In order to complete these enormous fortifications quickly, Congressional appropriations (which included money for surveillance technology) increased from $25 million in 1996 to $298 million in 2006, peaking at $1.5 billion in 2007. Since then, expenditures on these so-called “tactical infrastructure appropriations” steadily dropped, to $324 million in 2013.

The number of border patrol agents along the line more than doubled after 2000, to over 20,000 personnel, with growth concentrated in the sectors of major undocumented crossing activity (Tucson and El Paso).

Immigration enforcement actions resulted in almost 421,000 migrant apprehensions in 2013, the lowest level since the early 1970s. Almost two-thirds of these apprehensions were made by the USBP, and the remainder by Immigration and Customs Enforcement (ICE) officials acting in the US interior. It’s worth reminding presidential aspirants of two facts: many of those apprehended were not Mexicans, but “OTMs” (Other Than Mexicans, from far-distant countries such as Brasil and China), as well as child refugees escaping persecution in Central America; and that “Catch and Release” policies are long gone – nowadays our practice is “Catch and Detain, then Prosecute and Deport.”

In the five years up to 2014, there were two million deportations from the US, the highest level ever recorded. An historic high of 438,000 people were removed in 2013 alone. Two-thirds of all deportations were from the border region, the rest from the US interior. When immigration reform initiatives stalled in the House of Representatives, Obama stepped in to slow deportation rates, using his executive authority.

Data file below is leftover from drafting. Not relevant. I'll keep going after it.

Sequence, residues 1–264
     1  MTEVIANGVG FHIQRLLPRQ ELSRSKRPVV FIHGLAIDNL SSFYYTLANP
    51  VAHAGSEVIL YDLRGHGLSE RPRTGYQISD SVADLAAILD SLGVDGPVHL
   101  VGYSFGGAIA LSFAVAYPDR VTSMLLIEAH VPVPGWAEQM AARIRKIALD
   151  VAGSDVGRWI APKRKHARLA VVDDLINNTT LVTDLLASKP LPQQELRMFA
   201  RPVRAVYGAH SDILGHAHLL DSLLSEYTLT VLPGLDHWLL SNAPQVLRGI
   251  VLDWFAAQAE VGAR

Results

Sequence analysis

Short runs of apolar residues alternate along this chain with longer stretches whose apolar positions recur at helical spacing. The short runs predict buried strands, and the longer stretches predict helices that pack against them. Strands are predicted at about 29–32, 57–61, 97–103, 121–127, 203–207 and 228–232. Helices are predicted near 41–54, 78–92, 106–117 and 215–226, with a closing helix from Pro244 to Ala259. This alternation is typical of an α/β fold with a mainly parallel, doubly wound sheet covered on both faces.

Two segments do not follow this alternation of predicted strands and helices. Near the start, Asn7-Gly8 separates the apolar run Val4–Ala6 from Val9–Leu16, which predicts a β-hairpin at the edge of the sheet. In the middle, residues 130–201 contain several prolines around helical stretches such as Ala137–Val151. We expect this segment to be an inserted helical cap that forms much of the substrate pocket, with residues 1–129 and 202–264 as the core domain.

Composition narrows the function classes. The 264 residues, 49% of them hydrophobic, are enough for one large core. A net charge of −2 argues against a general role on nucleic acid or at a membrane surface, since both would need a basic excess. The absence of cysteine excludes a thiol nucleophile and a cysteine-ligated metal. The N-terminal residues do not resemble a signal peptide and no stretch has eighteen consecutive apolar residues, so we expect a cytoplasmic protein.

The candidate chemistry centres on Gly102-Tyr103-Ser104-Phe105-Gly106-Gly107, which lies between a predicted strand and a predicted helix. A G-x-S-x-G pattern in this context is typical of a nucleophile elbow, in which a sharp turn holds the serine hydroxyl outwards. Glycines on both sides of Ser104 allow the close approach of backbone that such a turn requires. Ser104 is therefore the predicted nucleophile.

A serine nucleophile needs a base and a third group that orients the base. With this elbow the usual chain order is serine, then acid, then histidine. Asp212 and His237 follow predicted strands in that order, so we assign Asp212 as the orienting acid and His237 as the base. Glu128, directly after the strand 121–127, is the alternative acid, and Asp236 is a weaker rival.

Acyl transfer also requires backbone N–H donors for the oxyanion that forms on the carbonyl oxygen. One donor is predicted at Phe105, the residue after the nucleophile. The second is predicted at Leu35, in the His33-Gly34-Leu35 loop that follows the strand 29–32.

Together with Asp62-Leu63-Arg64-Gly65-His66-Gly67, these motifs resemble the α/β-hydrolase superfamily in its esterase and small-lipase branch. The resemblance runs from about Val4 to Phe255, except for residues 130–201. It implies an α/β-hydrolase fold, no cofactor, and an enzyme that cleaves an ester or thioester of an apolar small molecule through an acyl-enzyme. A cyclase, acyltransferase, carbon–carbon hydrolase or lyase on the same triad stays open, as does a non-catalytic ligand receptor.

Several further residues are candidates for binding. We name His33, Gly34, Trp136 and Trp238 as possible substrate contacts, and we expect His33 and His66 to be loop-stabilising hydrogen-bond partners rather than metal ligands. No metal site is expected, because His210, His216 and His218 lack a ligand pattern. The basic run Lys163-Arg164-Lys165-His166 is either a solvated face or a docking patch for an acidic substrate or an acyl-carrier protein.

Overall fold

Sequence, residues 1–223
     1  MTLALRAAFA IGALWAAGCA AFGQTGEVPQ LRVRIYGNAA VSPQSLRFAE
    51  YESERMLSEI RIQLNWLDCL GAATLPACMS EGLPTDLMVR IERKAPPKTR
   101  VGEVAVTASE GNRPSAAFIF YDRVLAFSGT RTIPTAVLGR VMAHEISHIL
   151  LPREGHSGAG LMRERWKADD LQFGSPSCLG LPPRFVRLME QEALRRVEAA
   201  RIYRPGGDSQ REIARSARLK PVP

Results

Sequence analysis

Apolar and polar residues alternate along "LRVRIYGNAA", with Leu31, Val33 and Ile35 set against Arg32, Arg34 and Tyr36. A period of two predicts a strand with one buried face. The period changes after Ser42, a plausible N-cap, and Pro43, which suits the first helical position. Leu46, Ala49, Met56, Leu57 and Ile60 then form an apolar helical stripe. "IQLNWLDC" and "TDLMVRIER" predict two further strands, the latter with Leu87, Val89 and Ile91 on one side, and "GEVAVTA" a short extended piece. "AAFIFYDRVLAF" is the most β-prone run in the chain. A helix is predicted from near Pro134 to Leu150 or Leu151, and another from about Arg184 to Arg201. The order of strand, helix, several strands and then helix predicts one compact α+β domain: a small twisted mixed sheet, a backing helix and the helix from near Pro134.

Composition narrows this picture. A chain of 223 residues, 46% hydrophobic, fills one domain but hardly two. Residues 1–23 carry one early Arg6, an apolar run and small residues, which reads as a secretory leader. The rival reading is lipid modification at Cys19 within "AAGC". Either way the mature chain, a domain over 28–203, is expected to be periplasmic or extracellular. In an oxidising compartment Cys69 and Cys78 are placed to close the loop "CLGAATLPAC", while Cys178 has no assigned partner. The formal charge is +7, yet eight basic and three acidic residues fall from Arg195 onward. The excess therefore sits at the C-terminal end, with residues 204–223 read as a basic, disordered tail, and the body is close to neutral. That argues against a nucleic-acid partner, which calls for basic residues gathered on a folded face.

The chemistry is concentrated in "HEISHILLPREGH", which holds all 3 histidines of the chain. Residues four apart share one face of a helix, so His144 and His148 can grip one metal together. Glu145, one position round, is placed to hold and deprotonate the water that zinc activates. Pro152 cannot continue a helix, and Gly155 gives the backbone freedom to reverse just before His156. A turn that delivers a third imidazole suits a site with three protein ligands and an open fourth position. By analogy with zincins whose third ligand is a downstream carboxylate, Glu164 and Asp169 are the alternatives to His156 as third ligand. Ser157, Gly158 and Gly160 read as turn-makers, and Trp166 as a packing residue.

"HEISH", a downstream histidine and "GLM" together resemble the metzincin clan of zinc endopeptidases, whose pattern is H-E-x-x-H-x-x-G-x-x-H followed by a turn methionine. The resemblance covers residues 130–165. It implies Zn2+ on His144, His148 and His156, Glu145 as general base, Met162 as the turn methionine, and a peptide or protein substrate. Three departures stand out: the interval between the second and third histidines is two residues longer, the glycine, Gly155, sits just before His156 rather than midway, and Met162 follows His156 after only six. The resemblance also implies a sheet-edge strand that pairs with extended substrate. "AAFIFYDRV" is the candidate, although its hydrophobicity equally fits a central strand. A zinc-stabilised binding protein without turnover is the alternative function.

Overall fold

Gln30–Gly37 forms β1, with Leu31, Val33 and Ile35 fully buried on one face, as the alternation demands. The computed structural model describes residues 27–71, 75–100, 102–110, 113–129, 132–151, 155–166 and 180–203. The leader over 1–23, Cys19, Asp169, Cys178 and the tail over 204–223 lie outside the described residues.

In both the Obama and G. W. Bush administrations, “Secure Communities” became the signature program designed to deport serious criminals from the US. However, in practice, a large majority of those deported had no criminal record, but only convictions related to immigration-related offenses. In response to nation-wide push-back from communities opposed to involving local police in federal law enforcement, the DHS conceded that Secure Communities had failed to meet its avowed objectives, and terminated the program in 2015.